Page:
What do you do when you have a school project all planned out, supplies are purchased, and then school shuts down? Well, Casey Sherriffs, the Entrepreneurial Lead at ECS (Miss Edgar’s & Miss Cramp’s School), helped her Grade 5 students carry out their project — but in a different, generous way. “We had purchased all the supplies in February and stored them in the science lab, and after March break the girls were going to produce their own bars of soap and had set up an online store to sell it to the ECS community online,” she explained.
The business-savvy students at the private all-girls school located in Westmount had done market research to find out the favourite scents and sizes, along with appropriate price points. But then, school never reopened. “We had all this stuff to make soap, so in order to help others — on top of hand washing being the epitome of being safe — we decided to make the soap and donate it instead.”
Sherriffs retrieved the supplies and created soap-making kits for 10 students and a few staff members, and everyone is hard at work making bars of soap, including the heads of the Junior and Senior Schools. “I’m going to collect them and bring them to different locations like the Open Door shelter, Welcome Hall Mission, and the NDG Food Depot for food baskets,” she said. They plan on making 250 bars of soap in all.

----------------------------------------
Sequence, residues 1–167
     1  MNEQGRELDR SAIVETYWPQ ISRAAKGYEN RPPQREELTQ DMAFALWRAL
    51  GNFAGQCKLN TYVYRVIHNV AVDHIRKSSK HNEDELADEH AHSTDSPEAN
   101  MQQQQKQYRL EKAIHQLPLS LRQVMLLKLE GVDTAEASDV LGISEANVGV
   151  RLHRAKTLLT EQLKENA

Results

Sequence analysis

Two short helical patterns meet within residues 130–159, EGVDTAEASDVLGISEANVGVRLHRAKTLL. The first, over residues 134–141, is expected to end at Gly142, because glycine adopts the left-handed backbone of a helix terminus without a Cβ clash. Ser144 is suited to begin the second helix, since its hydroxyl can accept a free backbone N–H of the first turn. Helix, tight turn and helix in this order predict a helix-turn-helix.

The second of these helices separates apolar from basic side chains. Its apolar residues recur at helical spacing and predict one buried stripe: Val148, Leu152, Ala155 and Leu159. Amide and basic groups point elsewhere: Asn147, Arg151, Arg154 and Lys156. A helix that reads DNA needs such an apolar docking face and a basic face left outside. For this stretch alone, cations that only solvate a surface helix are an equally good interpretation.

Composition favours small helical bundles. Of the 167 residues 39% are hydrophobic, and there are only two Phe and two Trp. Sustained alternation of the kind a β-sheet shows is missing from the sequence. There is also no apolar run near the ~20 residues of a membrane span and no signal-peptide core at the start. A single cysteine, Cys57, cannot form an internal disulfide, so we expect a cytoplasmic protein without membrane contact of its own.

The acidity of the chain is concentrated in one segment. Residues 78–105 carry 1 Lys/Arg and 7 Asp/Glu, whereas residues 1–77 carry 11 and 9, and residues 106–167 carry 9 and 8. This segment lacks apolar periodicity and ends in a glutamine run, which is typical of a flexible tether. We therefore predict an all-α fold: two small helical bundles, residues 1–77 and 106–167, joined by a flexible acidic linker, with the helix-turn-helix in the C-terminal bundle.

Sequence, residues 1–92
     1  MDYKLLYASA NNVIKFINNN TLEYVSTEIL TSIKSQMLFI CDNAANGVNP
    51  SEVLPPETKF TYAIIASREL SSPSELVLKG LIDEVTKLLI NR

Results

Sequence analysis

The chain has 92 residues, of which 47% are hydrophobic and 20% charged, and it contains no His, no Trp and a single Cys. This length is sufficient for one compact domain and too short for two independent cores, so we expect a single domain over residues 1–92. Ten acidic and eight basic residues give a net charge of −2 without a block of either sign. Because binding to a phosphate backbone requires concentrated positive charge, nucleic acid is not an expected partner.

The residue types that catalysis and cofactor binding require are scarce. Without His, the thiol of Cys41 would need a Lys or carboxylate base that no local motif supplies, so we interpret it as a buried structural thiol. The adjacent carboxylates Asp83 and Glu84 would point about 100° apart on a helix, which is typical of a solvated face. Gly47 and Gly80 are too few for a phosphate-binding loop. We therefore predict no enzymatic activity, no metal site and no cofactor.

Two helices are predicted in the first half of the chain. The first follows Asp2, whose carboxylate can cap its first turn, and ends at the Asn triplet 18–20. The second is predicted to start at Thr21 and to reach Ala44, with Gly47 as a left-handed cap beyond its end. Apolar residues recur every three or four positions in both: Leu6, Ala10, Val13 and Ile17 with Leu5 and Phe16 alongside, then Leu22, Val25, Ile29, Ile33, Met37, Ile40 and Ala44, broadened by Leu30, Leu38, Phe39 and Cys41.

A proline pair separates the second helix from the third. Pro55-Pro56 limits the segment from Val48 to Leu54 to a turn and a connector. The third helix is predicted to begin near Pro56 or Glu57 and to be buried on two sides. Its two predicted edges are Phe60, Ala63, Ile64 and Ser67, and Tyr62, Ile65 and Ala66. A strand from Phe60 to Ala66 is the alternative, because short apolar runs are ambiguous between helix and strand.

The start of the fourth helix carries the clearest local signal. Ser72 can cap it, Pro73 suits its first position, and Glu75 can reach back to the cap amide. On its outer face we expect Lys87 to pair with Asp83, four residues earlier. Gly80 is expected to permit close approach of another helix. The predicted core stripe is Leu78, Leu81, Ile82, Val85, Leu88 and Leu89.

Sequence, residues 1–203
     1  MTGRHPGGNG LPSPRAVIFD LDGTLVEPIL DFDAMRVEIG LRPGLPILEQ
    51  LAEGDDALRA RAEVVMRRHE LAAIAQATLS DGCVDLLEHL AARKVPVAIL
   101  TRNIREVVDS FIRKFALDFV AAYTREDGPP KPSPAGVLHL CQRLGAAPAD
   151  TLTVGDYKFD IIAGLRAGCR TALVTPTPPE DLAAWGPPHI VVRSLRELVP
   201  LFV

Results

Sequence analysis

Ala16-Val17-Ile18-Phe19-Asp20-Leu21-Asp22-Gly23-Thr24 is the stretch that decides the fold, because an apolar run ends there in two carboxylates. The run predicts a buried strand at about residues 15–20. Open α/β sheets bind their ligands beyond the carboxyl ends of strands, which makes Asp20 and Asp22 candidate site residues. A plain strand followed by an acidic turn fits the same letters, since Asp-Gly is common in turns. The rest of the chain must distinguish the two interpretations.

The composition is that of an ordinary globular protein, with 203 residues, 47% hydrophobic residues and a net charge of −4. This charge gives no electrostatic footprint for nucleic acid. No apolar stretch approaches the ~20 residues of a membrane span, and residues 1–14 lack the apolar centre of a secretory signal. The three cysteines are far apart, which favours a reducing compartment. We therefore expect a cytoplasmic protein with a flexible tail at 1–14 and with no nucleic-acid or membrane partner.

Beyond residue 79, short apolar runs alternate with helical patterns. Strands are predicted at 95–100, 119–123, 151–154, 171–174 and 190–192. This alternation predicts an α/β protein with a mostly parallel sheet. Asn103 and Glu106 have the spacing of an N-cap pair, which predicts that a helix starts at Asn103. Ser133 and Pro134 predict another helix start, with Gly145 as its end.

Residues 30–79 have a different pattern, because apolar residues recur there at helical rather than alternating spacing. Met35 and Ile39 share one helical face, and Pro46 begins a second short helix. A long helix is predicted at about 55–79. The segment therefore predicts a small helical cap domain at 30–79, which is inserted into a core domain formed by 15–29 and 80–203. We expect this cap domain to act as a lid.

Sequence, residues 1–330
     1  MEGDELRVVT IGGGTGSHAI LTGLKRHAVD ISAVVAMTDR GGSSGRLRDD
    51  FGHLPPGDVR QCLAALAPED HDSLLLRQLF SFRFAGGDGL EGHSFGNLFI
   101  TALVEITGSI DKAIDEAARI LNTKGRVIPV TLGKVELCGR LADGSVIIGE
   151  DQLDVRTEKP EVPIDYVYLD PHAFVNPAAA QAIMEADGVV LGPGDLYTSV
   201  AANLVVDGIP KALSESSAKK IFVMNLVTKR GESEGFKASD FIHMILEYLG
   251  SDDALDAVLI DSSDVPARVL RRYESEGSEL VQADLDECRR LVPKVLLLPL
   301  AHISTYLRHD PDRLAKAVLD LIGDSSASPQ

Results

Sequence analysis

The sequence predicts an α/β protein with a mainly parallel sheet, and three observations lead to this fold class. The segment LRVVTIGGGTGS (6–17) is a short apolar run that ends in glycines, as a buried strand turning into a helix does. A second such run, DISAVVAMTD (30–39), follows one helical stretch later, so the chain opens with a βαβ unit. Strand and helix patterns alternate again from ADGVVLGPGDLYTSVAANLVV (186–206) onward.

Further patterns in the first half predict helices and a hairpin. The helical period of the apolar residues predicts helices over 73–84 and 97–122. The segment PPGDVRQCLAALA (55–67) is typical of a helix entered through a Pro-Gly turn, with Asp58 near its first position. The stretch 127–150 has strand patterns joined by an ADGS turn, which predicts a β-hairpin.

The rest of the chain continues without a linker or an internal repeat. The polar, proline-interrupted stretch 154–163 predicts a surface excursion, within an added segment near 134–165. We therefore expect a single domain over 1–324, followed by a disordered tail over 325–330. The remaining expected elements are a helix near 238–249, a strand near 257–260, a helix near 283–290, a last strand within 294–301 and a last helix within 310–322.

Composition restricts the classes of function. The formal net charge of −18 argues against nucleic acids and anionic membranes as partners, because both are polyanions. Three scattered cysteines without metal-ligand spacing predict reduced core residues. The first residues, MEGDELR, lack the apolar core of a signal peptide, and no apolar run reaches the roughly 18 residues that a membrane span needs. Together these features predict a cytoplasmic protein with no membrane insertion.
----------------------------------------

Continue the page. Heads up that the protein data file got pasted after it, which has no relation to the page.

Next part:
In addition to their rejigged soap project, Grade 1 and 2 students had also planned an initiative that became a way of giving to those less fortunate. “They were going to do a toy swap shop where they each brought in a toy and set up a shop, and on a biweekly basis students could borrow a new toy and bring it home. The idea came from them trying to encourage people to stop buying so many plastic toys,” Sherriffs explained. “Meanwhile, all these toys were just sitting at school. We found the Mosaik Family Resource Centre, who are appreciative of toy donations even during this time because they work with a lot of families who have kids at home for long periods of time. So, we’ll be donating all the toys the Grade 1 and 2 students had gathered.”
Sherriffs is proud of the lengths that students have gone to help those in need.
“These were such neat shifts in ideas because people out there needed these things more,” she said. “It’s nice, in these times, to look at the positive aspects of things around us, and these students really wanted to do something different and wanted to help out.”